“Who made thee a ruler and a judge over us?” – Lord Denning.
Lord Denning’s rhetorical question used to be entirely relevant when Sarath Nanda Silva was Chief Justice of Sri Lanka. With Sarath Silva taking on the mantle of anti-corruption campaigner-in-chief, it is also relevant now. Silva appearing in this hypocritical guise has the potential to destroy the struggle against corruption in Sri Lanka.
Let us not permit President Mahinda Rajapaksa to ask, “How dare you call me a thief of Tsunami aid, when you are the one who misused World Bank funds given for law and justice sector reforms as if this money was your personal account?” Let us not permit President Rajapaksa to say, “How dare you call me a dictator, when you abused your authority and judicial power to the detriment of innocent people.”
Fighting against corruption is itself an issue of integrity. There are several definitions and interpretations of the meaning of corruption. The general meaning is, “where a person, who should act with integrity, is guilty of dishonesty by accepting some form of bribe.” Another interpretation says, “A person who is entrusted with a public or private duty or obligation, to solicit any kind of inducement in whatever way other than what he/she is entitled to, in order to discharge such duty or obligation. Corruption takes place where people abuse their power for their own benefit, but not for what they have been obliged to do according rules. Public office used for private gain causes loss to the government and to the public”. According to Transparency International, there are many forms of corruption such as bribery, embezzlement, theft and fraud, extortion, abuse of discretion, favoritism, nepotism and clientelism, conduct creating or exploiting conflict of interests, and improper political contributions.
On 16th May 2001, the JVP issued a press release regarding the matter. The communiqué said, “…whatever the wrong committed at the time the present Chief Justice was appointed is not diminished at all by what is mentioned above. We believe that the course of action followed in appointing the Chief Justice, and his acceptance of that appointment are both against morality. It has done serious damage to the purity and the impartiality of the law. It was because no one who values democracy, the fairness of the law and morality can support it that ideas arose from various communities of the country against this appointment. Although the rulers who appointed the Chief Justice may have no morality we believe that the Chief Justice may have refrained from accepting this appointment because it is his duty to defend the dignity of the judiciary. We also think that, in the alternative, he should have resigned from his post in an honorable way when the people’s protests were coming. However no such thing happened and this has become a matter which raises doubts about the dignity and fairness of the judiciary. We have no personal problem with Mr. Sarath N. Silva. However we also firmly believe that such immoral acts should not become precedents for the future…What must be said finally is that as a party which values the survival of democracy in the country and which seeks the independence and the dignity of the judiciary, the JVP opposes anyone who desecrates the independence of the judiciary.”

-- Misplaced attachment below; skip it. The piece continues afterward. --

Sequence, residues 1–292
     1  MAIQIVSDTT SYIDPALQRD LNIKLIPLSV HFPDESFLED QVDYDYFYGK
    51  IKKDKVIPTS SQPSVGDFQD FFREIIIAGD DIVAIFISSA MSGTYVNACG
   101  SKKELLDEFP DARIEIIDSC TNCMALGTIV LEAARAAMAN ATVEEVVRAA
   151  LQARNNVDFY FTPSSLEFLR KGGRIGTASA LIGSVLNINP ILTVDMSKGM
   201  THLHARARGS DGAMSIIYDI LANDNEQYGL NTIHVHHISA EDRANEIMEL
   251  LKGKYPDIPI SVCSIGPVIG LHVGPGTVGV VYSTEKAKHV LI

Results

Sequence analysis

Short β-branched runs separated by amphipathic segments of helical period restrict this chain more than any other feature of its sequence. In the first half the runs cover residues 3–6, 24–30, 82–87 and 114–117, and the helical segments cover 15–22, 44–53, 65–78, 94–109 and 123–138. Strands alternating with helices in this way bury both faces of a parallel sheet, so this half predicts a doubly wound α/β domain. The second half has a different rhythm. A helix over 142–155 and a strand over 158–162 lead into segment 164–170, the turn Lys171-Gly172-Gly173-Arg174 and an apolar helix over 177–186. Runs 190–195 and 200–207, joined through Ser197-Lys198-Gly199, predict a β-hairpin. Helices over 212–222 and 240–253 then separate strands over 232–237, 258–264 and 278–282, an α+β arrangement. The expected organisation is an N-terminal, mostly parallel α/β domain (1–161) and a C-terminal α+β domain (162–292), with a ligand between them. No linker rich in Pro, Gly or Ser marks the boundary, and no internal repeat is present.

The same JVP is now lionising and promoting the same Sarath Silva as the champion of anti-corruption. Has the JVP changed its stance about Sarath Silva? How has he changed from being a violator of the law and morality to the JVP’s publicity front-man now? What does the JVP now say about the allegations in the impeachment motion? Using Sarath Silva in the fight against corruption only undermines the ongoing campaign ‘Voice Against Corruption’ which has been launched under the political leadership of the JVP.
Chief Justice Sarath N. Silva used to be a good friend of President Mahinda Rajapaksa. Many years ago, Silva’s young son was even among Mahinda Rajapaksa’s wedding entourage as a page boy.